"You Should Not be Disappointed Here" Cape Disappointment State Park by glabah
Cape Disappointment State Park Travel Guide: 32 reviews and 93 photos
This is it: the end of the mighty Columbia River. Where it joins the Pacific Ocean, there is frequent turbulance and storms fairly often. Thus, it is not an easy place to get to by boat, and you can see ships waiting for safe weather and tides to enter and leave the mouth of the river.
This state park was formerly known as "Fort Canby State Park" but was renamed to "Cape Disappointment State Park" for a number of reasons.
One of the most important reasons, of course, is that Cape Disappointment is the name of the actual point of land on which this state park sits!!
NOTE: As of July 1, 2011, a day use fee has been implemented at many Washington State parks. This fee is $10 per day, or a $30 fee for a year pass. There is a $5 fee in addition to the annual pass fee if purchased at one of the many resellers. Please see my Discover Pass tip for a little more about this. For a bit more about Washington State parks in general, please see my Washington State Parks tip.
This area has a long history, and not all of it is documented. The area was most likely settled by First Nations people, who would have taken advantage of the tidal swings to harvest seafood, and certainly would have used their resources to fish in the river. It is easy to imagine the shelter provided by the hills located in the park as being a huge advantage as well. When the Corps of Discovery became stranded at a location they wrote of in their journals as "This Dismal Nitch" they were provided with food from locals, whose canoes and canoe skills matched the rough water of the area.
Unfortunately, whatever settlements they had in the area have no trace left behind.
Lewis and Clark and the Corps of Discovery eventually reached the location now called Cape Disappointment, and to that end the Lewis and Clark Interpretive Center built on a cliff high above the Pacific Ocean provides some of the best information in the area about this chapter of history. However, they also left no trace except the written record in their journals.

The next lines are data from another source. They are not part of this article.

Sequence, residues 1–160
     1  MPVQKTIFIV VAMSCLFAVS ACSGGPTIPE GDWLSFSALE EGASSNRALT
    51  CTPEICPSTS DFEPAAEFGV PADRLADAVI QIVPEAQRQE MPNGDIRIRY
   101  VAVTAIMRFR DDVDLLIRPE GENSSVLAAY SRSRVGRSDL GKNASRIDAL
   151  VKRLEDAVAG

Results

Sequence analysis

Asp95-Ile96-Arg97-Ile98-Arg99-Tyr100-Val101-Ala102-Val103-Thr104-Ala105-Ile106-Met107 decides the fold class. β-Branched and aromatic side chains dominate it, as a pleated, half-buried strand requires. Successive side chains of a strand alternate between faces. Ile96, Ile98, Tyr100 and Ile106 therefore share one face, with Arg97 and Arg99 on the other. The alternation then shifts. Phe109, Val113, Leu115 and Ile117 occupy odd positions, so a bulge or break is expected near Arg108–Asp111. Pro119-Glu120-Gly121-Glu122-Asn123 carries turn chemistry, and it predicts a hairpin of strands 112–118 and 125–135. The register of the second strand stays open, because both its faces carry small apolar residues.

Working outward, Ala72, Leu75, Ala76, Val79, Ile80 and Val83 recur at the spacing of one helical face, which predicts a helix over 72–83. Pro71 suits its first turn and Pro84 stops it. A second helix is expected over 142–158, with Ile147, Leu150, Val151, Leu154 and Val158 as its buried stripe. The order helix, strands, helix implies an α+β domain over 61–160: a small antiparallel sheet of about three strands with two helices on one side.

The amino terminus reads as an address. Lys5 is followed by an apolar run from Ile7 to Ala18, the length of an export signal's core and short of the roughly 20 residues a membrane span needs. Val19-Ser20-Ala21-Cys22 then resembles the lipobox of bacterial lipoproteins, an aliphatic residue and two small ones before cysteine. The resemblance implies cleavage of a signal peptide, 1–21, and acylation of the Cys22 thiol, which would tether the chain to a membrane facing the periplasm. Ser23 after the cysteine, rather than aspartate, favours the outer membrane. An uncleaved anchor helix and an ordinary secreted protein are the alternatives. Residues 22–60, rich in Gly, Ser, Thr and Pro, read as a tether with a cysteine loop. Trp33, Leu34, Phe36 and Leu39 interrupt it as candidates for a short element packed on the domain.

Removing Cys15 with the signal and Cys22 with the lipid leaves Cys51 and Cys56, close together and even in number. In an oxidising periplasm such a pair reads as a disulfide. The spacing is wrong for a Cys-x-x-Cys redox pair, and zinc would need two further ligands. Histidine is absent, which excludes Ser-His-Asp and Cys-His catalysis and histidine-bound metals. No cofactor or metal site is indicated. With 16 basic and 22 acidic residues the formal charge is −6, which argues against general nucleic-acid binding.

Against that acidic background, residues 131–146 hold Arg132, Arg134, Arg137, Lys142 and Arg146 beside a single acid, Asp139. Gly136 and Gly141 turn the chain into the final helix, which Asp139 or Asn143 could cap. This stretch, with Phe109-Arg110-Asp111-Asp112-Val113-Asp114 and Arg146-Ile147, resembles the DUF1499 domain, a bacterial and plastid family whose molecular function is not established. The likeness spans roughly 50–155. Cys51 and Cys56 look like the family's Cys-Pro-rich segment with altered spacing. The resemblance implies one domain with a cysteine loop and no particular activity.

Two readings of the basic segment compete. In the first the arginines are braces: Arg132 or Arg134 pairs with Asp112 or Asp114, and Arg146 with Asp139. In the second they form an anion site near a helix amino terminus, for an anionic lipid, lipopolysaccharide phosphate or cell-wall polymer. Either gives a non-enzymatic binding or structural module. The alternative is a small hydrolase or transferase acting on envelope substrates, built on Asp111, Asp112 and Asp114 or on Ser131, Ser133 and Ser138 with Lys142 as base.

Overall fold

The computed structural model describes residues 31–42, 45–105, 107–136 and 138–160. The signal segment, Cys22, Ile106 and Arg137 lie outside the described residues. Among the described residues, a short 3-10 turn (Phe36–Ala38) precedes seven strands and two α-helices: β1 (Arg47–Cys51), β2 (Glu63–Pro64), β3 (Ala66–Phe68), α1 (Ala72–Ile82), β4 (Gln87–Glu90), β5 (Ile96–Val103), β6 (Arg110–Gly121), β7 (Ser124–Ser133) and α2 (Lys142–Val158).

The later structures for use as a military outpost and navigation aid were far more permanent. The area earned a reputation as the "Graveyard of the Pacific" and lighthouses (two) were constructed at Cape Disappointment to help guide ships into the river mouth. To defend the mouth of the Columbia River against possible invading forces fortresses were built on each side of the river. While they were abandoned when the air force and radar rendered them obsolete, the concrete and steel remains of Fort Canby continues as a testament to those years.
Today, the park has beaches that are a reasonably popular place for people to visit, as well as the aforementioned Lewis and Clark Interpretive Center. Camping very close to the beach is a popular way to spend the night, and you can also stay at the North Head Lighthouse Tender's House.
While the First Nations and Lewis & Clark left no trace, their legacy lives on with the Confluence Project, which was undertaken as part of the 200th Anniversary of the Corps of Discovery. Several artworks that are part of the Confluence Project are located in the park: The Baker Bay Viewpoint, and the Cedar Circle and a Fish Cleaning Table and a Boardwalk Documenting their Journal Entries.
Trails exist in a number of places in the park, and the Discovery Trail passes through the north edge of the park on its way from Ilwaco to Long Beach.
- Pros:Its at the beach, farther and less visited than other beaches. Cool summers.
- Cons:Busy and Crowded at Times, Sometimes Dark Weather
- In a nutshell:Typical Pacific Northwest Beach: cloudy, windy, but still fun.
At the junction of the road that leads to the Baker Bay Boat Ramp and the road that leads south towards the Lewis and... more travel advice
Cedar trees were held in great esteem by the First Nations of the Pacific Northwest. Not only were these frequently the... more travel advice
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